Part 1: change:lanes=yes|yes|yes
 Part 2: change:lanes=no|not_left|yes
 Part 3: change:lanes=yes|not_right|no
 Part 4: change:lanes=no|yes|no
 Part 5: change:lanes=yes|no|yes

Attention: On the leftmost lane of a road the value yes is equivalent to not_left, on the rightmost lane it is equivalent to not_right.

Direction of a road

The key destination=* is used to indicate the direction of a road by specifying the name(s) of the place(s) the road is leading to. In situations where no lane-specific information is available, this key might deliver enough information to guide one through even complex junctions. Besides the main tag, a few subkeys are proposed, which provide additional information:


Photo Tags
S1 Knoten Eibesbrunn - Brno.jpg destination=Brno;Poysdorf;Mistelbach
Greece Traffic sign - Kozani North interchange.jpg destination=Λάρισα;Κοζάνη
destination:ref=A 27
destination:int_ref=E 65

First step to lane connectivity: the key placement=*

Usually the OSM way of a road is drawn in the middle of that road. This often is not true when a road forks or another road joins and therefore the lane count changes. The key placement=* can be put on that part of a OSM way that is not in the middle of the road. Useful suffixes for this key are :forward, :backward, :start and :end.


  1. No placement tag necessary.
  2. placement=transition
  3. placement=right_of:1
  4. down only: placement=transition
  5. No placement tag necessary.
Lane Placement 3.png

The OSM way of the motorway is drawn in the middle of the main lanes and in section 3 the OSM way is tagged with placement=right_of:1 to indicate to the consumer that the OSM way is at the right end of lane 1. In section 2 the OSM way has to be tagged with placement=transition if the beginning of the exit lane is important for the consumer (in many situations this might be irrelevant). In section 4 only the exit lane has to be tagged with placement=transition. The OSM way of the motorway does not have to be split between section 4 and 5 and no special tagging has to be applied.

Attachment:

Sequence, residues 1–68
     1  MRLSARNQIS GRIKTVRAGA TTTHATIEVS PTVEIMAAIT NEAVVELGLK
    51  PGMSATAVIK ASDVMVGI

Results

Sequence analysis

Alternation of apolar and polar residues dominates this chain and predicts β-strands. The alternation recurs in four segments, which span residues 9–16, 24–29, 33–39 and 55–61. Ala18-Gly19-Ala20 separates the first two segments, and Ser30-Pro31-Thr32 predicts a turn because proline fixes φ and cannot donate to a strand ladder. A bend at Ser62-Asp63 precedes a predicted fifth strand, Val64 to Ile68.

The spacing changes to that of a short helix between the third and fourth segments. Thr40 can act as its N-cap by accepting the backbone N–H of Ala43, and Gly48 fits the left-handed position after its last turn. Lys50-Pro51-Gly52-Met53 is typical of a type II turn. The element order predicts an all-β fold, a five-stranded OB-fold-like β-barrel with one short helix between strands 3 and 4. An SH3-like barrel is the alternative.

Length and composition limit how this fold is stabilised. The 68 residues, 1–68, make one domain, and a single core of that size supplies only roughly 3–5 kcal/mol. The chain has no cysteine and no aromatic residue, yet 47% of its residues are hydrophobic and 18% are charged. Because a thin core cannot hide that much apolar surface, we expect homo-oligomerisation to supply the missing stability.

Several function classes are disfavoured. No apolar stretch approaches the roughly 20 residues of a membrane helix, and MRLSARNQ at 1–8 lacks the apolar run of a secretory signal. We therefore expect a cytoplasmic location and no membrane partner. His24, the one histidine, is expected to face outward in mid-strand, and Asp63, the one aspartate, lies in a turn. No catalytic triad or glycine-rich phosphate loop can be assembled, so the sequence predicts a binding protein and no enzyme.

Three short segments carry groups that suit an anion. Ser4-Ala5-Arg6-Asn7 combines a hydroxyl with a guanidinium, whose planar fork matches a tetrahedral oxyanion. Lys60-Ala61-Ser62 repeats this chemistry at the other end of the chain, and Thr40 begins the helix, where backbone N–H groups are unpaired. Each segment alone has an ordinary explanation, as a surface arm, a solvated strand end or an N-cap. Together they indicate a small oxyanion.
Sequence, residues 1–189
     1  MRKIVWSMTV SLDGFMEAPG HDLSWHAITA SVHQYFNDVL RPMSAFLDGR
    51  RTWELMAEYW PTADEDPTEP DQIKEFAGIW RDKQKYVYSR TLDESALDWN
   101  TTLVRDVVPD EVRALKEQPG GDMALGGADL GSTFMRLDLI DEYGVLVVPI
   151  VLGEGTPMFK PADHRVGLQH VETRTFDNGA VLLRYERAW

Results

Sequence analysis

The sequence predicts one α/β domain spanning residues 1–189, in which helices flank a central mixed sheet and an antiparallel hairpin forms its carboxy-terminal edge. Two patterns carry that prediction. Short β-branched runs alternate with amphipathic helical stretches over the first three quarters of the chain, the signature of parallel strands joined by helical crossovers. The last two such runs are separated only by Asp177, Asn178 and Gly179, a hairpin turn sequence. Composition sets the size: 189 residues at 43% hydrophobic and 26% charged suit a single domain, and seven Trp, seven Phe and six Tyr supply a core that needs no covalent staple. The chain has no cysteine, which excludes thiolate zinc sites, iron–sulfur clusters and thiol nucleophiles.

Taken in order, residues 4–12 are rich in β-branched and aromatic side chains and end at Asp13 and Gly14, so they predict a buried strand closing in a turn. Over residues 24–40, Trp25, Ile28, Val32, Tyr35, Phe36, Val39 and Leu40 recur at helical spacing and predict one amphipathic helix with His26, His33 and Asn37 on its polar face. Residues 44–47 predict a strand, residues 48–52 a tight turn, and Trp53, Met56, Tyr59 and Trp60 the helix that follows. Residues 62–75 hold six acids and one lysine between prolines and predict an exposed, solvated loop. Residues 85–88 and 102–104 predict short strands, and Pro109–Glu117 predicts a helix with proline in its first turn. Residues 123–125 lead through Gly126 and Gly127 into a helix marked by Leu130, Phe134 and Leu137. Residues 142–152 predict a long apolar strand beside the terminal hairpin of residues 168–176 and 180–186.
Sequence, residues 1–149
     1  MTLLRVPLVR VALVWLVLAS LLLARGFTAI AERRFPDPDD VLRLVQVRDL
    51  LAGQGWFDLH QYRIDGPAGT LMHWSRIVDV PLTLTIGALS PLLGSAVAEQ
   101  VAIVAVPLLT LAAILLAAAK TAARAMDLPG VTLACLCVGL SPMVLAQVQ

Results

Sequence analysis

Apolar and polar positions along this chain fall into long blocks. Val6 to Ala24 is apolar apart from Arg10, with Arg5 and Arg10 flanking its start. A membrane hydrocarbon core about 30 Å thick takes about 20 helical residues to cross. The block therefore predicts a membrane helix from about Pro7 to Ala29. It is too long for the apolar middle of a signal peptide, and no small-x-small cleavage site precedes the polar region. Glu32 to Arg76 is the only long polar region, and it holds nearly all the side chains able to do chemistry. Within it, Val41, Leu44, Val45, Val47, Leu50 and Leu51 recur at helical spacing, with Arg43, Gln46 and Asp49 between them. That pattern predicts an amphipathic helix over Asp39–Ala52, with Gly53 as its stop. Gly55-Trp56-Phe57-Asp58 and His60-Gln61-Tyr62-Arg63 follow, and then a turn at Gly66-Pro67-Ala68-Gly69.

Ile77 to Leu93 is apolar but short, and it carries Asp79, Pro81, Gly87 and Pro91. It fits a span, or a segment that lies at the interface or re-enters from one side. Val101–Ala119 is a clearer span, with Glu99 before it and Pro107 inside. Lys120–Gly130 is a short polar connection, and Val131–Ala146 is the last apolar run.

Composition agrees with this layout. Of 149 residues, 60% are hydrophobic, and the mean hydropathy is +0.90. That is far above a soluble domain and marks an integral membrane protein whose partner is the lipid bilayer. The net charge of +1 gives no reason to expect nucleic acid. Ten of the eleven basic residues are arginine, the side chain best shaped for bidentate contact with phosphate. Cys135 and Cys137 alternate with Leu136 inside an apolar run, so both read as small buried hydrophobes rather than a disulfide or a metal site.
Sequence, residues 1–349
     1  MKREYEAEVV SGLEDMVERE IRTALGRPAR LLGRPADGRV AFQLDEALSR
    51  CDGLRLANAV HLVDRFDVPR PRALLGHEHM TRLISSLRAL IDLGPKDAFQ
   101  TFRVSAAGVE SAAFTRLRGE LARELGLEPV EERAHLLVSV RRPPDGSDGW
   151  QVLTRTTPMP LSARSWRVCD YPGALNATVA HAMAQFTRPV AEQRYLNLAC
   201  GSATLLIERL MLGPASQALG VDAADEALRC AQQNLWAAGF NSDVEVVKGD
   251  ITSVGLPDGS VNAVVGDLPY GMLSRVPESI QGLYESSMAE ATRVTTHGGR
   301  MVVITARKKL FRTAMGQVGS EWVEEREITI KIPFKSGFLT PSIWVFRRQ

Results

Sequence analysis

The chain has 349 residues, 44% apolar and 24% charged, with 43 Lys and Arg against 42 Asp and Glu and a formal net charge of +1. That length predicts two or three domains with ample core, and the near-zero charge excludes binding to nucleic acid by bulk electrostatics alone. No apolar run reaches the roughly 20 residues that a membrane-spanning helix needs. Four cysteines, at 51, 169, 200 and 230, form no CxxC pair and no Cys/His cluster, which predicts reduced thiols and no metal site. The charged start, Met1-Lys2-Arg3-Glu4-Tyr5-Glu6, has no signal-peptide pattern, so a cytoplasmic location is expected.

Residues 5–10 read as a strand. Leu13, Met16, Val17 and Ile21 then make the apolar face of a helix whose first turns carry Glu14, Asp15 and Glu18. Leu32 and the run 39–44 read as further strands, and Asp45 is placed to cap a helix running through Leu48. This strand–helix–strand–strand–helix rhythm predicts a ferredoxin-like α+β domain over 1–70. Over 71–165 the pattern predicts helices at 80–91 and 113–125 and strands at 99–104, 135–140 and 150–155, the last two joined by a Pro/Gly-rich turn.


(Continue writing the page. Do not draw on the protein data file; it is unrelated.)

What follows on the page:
Besides providing the layout of lanes, the key placement=* can also be used to get a better estimation of the connection of lanes between different OSM ways. For example, if a section tagged with lanes=2 connects to another section with lanes=3, one does not know where the third lane is added. If we now add placement=right_of:2 to the section with three lanes, it is very likely, that the third lane was added on the left side of the road. This is still a guess, but in many situations this information is enough to guess correct. When using this key to estimate lane connectivity, one must be sure to consider the width of the road resp. lanes!

Open issues

The following section presents a few open issues related to the specification of lanes. When discussing possible solutions to these issues, one has to keep in mind the following:

  • OpenStreetMap is not a controlled or confined environment
  • Mappers usually work for free, are not paid, just for fun
  • Mappers won't accept orders, maybe not even recommendations, they work as they like (editors!)
  • In order to get much data in an acceptable quality, it must be easy and intuitive to provide such data
  • Mappers must be motivated; the result of their work must be quickly visible
  • Mappers are not a homogeneous group, so multiple approaches to one, single problem ensure maximum participation
  • If something is difficult to map, all mappers all over the world have to manage this problem all the time
  • If something is difficult to process, all consumers all over the world has to solve this problem once

Lane connectivity

Lane Link Example 3.png